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December 1999

Annular Plaque on the Face

Author Affiliations
 

MICHAELMINGMD

Arch Dermatol. 1999;135(12):1543-1548. doi:10-1001/pubs.Arch Dermatol.-ISSN-0003-987x-135-12-dof9025

Microscopic examination of the biopsy specimen revealed thinning of the epidermis, hypergranulosis, and vacuolar degeneration of the basal cell layer. A bandlike lymphohistiocytic infiltrate was present in the upper dermis.

The patient was treated with a medium-potency topical corticosteroid and instructed to avoid sun exposure. The lesion resolved within 2 months, leaving a slightly depressed hyperpigmented area.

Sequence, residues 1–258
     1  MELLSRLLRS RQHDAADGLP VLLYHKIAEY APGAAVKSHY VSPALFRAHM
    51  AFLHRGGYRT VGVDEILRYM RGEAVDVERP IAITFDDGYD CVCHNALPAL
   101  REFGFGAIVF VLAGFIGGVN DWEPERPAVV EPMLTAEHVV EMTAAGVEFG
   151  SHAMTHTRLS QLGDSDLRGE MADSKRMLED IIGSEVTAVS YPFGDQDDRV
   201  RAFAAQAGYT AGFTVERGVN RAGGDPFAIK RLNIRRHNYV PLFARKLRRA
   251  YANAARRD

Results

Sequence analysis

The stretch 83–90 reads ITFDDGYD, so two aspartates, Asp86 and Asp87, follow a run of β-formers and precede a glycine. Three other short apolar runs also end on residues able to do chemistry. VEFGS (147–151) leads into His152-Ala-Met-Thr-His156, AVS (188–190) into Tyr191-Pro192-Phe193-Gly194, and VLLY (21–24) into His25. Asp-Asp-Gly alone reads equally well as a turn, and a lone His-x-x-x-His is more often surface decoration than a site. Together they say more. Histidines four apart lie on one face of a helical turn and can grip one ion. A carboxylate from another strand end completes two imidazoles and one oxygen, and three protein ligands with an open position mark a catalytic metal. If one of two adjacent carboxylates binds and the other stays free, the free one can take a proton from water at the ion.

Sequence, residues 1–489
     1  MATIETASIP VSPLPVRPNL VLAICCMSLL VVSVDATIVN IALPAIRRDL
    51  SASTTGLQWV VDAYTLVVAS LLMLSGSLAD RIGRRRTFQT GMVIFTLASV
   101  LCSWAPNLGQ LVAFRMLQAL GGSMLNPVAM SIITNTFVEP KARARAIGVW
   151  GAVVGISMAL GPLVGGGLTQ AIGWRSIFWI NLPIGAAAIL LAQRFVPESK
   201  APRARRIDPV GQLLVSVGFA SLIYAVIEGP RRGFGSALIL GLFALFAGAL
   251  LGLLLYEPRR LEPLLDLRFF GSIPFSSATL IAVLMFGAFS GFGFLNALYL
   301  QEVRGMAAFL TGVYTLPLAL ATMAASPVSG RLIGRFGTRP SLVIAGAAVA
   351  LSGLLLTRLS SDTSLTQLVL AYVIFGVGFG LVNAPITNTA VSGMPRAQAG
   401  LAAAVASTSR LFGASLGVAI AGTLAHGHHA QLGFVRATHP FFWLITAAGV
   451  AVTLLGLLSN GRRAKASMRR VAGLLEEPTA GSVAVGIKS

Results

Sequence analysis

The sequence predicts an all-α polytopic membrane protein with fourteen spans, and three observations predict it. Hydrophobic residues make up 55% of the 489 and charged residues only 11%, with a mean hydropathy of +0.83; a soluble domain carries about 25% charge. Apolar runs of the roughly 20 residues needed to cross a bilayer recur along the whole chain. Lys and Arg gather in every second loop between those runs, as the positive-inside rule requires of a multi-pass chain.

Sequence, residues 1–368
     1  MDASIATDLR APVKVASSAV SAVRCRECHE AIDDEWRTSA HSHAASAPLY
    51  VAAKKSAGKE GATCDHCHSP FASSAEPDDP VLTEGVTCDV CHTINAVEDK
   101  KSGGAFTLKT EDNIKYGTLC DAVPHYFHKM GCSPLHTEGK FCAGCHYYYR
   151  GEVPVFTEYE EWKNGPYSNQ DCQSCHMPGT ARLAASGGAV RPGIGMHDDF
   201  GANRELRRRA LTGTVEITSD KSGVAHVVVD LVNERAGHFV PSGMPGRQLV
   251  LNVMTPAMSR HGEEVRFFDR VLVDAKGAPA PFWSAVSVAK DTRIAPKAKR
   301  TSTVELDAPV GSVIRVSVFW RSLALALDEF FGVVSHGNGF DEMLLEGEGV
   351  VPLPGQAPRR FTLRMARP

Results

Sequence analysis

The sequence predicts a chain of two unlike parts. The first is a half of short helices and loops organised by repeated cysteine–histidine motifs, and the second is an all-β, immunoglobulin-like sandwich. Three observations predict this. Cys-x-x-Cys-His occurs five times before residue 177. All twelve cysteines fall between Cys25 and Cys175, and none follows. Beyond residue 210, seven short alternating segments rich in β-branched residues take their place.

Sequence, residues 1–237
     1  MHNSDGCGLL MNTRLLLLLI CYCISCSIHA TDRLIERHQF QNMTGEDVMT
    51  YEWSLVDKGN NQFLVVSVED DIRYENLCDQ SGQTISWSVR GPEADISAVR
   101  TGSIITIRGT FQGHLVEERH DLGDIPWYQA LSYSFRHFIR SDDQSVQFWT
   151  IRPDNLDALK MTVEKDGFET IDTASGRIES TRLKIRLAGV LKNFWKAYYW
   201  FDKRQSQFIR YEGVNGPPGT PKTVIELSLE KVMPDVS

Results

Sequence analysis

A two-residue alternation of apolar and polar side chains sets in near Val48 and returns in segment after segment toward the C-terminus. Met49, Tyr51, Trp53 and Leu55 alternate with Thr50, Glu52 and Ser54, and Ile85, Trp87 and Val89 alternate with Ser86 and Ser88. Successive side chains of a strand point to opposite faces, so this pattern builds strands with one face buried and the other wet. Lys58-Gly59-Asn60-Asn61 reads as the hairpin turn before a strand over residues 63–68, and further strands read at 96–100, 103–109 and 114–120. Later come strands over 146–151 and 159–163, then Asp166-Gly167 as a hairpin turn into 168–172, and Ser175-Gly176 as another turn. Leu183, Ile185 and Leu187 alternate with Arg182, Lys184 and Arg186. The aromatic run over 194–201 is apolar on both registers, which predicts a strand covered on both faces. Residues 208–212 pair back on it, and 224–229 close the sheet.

Actinic lichen planus is also known as lichen planus tropicus, lichen planus subtropicus, lichenoid melanodermatitis, lichen planus atrophicus annularis, and summertime actinic lichenoid dermatitis.1 It is a distinct variant of lichen planus that affects mainly children and teenagers.2 The majority of the reported cases are from the Middle East.3 Three clinical types of ALP have been described: annular, dyschromic, and pigmented. The most common form is the annular type, which consists of erythematous brownish plaques with an annular configuration. The dyschromic type presents as discrete and confluent whitish angular papules. Finally, the pigmented type consists of hypermelanotic patches, sometimes assuming a melasmalike appearance.4

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